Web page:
Larger sample sizes generally lead to increased precision when estimating unknown parameters. For instance, to accurately determine the prevalence of pathogen infection in a specific species of fish, it is preferable to examine a sample of 200 fish rather than 100 fish. Several fundamental facts of mathematical statistics describe this phenomenon, including the law of large numbers and the central limit theorem.

In some situations, the increase in precision for larger sample sizes is minimal, or even non-existent. This can result from the presence of systematic errors or strong dependence in the data, or if the data follows a heavy-tailed distribution, or because the data is strongly dependent or biased.

Sample sizes may be evaluated by the quality of the resulting estimates, as follows. It is usually determined on the basis of the cost, time or convenience of data collection and the need for sufficient statistical power. For example, if a proportion is being estimated, one may wish to have the 95% confidence interval be less than 0.06 units wide. Alternatively, sample size may be assessed based on the power of a hypothesis test. For example, if we are comparing the support for a certain political candidate among women with the support for that candidate among men, we may wish to have 80% power to detect a difference in the support levels of 0.04 units.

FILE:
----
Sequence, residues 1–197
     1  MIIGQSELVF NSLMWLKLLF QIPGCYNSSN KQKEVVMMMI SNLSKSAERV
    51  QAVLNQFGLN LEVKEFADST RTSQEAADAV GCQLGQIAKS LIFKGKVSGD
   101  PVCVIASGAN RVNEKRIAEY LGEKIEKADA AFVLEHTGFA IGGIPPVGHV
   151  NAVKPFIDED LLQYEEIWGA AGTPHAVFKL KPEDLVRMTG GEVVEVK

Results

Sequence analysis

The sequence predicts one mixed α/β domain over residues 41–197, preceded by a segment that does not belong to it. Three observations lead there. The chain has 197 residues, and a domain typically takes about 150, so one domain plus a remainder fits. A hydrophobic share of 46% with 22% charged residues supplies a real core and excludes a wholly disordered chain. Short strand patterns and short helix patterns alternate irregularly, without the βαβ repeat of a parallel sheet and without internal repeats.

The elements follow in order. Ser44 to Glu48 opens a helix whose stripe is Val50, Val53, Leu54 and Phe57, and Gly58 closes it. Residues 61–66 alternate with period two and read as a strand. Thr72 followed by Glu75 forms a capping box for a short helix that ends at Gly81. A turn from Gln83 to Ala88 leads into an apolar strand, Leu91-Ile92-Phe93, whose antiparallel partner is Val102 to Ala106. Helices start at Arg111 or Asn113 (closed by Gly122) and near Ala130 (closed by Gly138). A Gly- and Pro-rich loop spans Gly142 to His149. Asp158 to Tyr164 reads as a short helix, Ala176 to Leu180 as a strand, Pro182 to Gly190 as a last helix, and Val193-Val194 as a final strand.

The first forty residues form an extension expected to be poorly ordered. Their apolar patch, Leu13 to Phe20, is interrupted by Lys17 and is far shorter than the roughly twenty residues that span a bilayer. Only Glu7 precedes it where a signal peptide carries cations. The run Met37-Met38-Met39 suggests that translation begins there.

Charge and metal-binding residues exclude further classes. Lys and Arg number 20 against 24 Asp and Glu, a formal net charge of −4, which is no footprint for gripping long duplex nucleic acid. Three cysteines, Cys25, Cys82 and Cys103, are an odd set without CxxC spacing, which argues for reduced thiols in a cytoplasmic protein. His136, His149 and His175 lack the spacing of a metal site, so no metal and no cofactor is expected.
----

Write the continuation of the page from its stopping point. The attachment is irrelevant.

Main article: Population proportion |

A relatively simple situation is estimation of a proportion. It is a fundamental aspect of statistical analysis, particularly when gauging the prevalence of a specific characteristic within a population For example, we may wish to estimate the proportion of residents in a community who are at least 65 years old.

The estimator of a proportion is , where *X* is the number of 'positive' e.g., the number of people out of the *n* sampled people who are at least 65 years old). When the observations are independent, this estimator has a (scaled) binomial distribution (and is also the sample mean of data from a Bernoulli distribution). The maximum variance of this distribution is 0.25, which occurs when the true parameter is *p* = 0.5. In practical applications, where the true parameter *p* is unknown, the maximum variance is often employed for sample size assessments. If a reasonable estimate for p is known the quantity may be used in place of 0.25.